The Australian Government Business Case Playbook site has been decommissioned and will be taken down from 31 May 2022. For further information please contact

Review and Refresh

Congratulations. The decision-makers have considered the options in your business case and agreed to a way forward.

The work you have done to evaluate the costs, benefits, risks and implementation details of your preferred solution will inform the project or program of work that now commences to implement the proposal.

This Play will help ensure that the business case is always up to date and relevant to the proposal’s implementation. It will help you prepare to implement the solution to your business problem, and successfully deliver a solution that adapts to changing needs.

Play description

Once it has been approved, the business case becomes the basis for implementing change and a key tool for managing that change.

The business case is also a living document. It should be kept up to date reflect the reality of the implementation of your product or service.

At key points in the proposal’s implementation, you should formally check your progress against the business case.

As your proposal’s implementation progresses, circumstances will change. For example, you may identify new risks to the implementation, or find ways to eliminate a risk. Changes in approach or technology might vary the costs of the proposal. You might identify new benefits or improvements for users that had not been foreseen when the business case was developed.

You should also periodically review the business case to ensure that the proposed solution is still appropriate and fit for purpose.

Early and iterative releases of your product or service will help you address risks early, respond to emerging user needs, and identify opportunities to innovate and provide better solutions to the problems described in the original business case.

Your governance and assurance arrangements are also important in ensuring you stay on track.

Maintaining line of sight to the objectives set out in your business case is assisted by ensuring your governance bodies are presented with information which clearly sets out progress towards achieving the stated objectives.

Key activities

Establish appropriate oversight and governance

Establish internal and external governance mechanisms and processes that are appropriate for the scale, complexity, and risk profile of the project. These will have been outlined in the implementation components of the business case.

For high risk/high value investments it can be helpful to engage independent assurance to ensure delivery teams remain alert to possible optimism bias around achieving objectives. Independent assurance can also help teams effectively manage key risks to successful delivery.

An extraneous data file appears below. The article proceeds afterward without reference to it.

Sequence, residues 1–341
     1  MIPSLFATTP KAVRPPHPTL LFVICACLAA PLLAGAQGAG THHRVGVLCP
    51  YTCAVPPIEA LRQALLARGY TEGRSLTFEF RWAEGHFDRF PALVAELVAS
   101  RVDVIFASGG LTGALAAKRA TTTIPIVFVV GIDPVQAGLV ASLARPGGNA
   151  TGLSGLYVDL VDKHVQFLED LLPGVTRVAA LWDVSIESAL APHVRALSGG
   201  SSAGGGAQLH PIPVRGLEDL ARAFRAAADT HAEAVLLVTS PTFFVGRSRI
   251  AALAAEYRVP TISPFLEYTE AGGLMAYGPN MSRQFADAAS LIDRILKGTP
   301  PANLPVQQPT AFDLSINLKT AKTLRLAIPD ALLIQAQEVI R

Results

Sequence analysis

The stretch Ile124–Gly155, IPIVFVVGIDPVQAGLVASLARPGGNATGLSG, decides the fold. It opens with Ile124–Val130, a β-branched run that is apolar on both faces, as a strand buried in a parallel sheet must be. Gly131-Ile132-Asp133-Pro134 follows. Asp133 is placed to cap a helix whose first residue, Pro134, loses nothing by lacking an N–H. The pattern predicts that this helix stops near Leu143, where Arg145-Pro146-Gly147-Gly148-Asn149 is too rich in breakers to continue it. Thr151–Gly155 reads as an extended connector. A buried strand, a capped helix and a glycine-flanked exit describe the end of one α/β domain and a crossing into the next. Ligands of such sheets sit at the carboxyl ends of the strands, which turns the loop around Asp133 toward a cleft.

Your government may also have formal external assurance processes (such as Gateway Reviews) that will apply at key milestones of your work.

Consider when you will review the business case

Schedule reviews of the business case as part of your implementation planning.

For example, in an agile product development, you might schedule a formal review as part of your retrospective at the end of a sprint or run of sprints, or on the release of a version of the service.

At the end of your discovery you will have a clear understanding of who the users of your service are, their current needs and pain points as well as their experience when using the product or service. You should use your learnings to update the business case and incorporate the hypotheses you will be testing against in alpha.

As you move into alpha the service team will identify possible solutions to address the problems they learnt about during discovery. You should capture the solutions you are exploring, what you have learnt through prototype and usability testing, and if this changes the outcomes you are seeking. You should refine your recommended solution based on your new understanding of the scope of your Minimum Viable Product and the decisions that led to this position.

In a conventional waterfall-managed project, you might review the business case at the end of a project phase.

You might consider aligning formal review of the business case to formal implementation and funding reviews, scheduled at the conclusion of a phase of the implementation or release of a specific product or service.

Questions to consider

  • At what points in your work will you review your progress against the business case?
  • At what points would it be appropriate to review and refresh the business case?
  • What are the appropriate oversight and governance mechanisms for your product or service?
  • Do you need to include representatives from other organisations within the government in your oversight and governance mechanisms?
  • Do you need independent assurance for the delivery of your product or service against the business case?
  • Does your government or organisation have formal assurance or governance processes that apply to your work?
  • How will you formally agree and document any changes to the business case?